self released, 2010, CD album, 30m 24s
Shoegaze and dreampop are genres that, because they are so sonically mediated, offer artists an opportunity to work in a way that is conceptually or semantically layered without seeming inaccessible. Because they offer an established language which is both amenable to manipulation, and widely understood, they lend themselves to very individual statements that are stylistically located without being generic. In other words, they are suitable venues for musical artists seeking to combine a serious, even experimental creative agenda with a pop sensibility.
This is the part of the musical world where sound passes so far into the incoherence of distortion that its harshness is transformed into softness: there is a softness on the surface of these songs, but there is far more challenging content within them than a simple pastoral mellowness. This is sad, sometimes desolate material, that avoids being dark, not so much because the listener is offered a lyrical out, as because the music never lets you forget that life continues, and sadness is part of a bigger picture.
ELIKA use production and tone shaping techniques that are pretty well established, and although the uses to which they put them are far from unprecedented, they apply them very precisely to their own creative ends. The thick wash of floaty ambience that characterises both the genres I mention above is used as an expressive element, rather than a continuous, defining colour. It almost joins the ‘I’ of the lyrics as a character in the drama of Snuggle Bunnies, sometimes running alongside the main thrust of the songs, sometimes bridging them, offering atmospheres that are sometimes ominous or disruptive, but more often warm and enveloping.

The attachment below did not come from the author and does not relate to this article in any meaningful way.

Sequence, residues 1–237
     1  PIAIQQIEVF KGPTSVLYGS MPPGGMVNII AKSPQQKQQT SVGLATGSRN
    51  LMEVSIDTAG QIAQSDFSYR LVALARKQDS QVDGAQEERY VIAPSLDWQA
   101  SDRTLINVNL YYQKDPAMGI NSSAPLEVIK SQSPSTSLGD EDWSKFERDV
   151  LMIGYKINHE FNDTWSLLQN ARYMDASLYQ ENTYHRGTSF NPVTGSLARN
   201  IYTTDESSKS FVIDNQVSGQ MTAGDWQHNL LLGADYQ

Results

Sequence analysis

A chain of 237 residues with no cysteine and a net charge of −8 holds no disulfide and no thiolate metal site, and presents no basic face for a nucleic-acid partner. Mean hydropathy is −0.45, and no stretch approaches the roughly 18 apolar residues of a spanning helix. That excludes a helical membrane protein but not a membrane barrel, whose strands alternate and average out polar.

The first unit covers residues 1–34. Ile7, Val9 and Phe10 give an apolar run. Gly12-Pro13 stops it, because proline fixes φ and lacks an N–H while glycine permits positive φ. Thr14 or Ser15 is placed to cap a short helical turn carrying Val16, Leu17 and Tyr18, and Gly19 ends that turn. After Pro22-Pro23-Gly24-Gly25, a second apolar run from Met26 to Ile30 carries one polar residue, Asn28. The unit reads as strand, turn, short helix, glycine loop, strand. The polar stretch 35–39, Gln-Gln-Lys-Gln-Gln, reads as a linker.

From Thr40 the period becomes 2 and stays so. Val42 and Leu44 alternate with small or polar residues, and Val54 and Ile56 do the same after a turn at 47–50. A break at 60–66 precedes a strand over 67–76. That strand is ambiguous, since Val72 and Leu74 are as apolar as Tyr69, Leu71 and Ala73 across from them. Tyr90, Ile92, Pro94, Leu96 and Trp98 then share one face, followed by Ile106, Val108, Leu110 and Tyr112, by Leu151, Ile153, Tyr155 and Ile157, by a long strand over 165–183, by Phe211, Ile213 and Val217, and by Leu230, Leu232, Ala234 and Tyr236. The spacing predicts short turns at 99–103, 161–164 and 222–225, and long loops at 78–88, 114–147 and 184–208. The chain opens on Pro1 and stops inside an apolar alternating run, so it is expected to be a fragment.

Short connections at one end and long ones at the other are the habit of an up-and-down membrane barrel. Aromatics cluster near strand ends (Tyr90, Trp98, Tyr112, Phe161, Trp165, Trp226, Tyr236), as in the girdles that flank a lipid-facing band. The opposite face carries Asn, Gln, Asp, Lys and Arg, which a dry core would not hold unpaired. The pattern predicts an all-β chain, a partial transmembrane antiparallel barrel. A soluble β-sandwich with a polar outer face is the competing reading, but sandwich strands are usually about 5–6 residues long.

These songs embody emotional pain, which is held up for our examination through an anaesthetic buffer of sonic insulation, which acts like a handful of aural diazepam. There’s no anxiety or nervousness in this music: even when Evagelia Maravelias sings ‘oh I feel afraid/ that you’re leaving’, the soundscape tells us that she is so numb with pain that she can barely feel it.
The arrangements combine relatively organic elements with hard-edged, mechanistic ones, and softly billowing atmospheres with driving kinesis, in a way that makes you want to lie down and dance at the same time. Every sound is well considered, each parameter precisely tweaked, in a way that is never generically gestural: vocals can seem relatively present one moment, unreachably distant the next; a role that is played by Brian Wenckebach’s guitar in one song may be taken by a synth in the next; the programmed percussion is always angular, but never contradicts the depth of the ambience; and while nothing ever jars, the album is pretty much unpredictable moment to moment.
Compositionally, ELIKA have an ear for a mournfully hooky melody, and while they break no boundaries harmonically, they know just when a chord sequence needs to turn a corner, or imply another key. More importantly, they know how to craft a whole sequence of songs around a coherent emotional narrative, using lyric and melody as flip sides of a single current of meaning. This is a very enjoyable album, and about as radically creative as it’s possible to be while fully embracing the category of ‘pop’.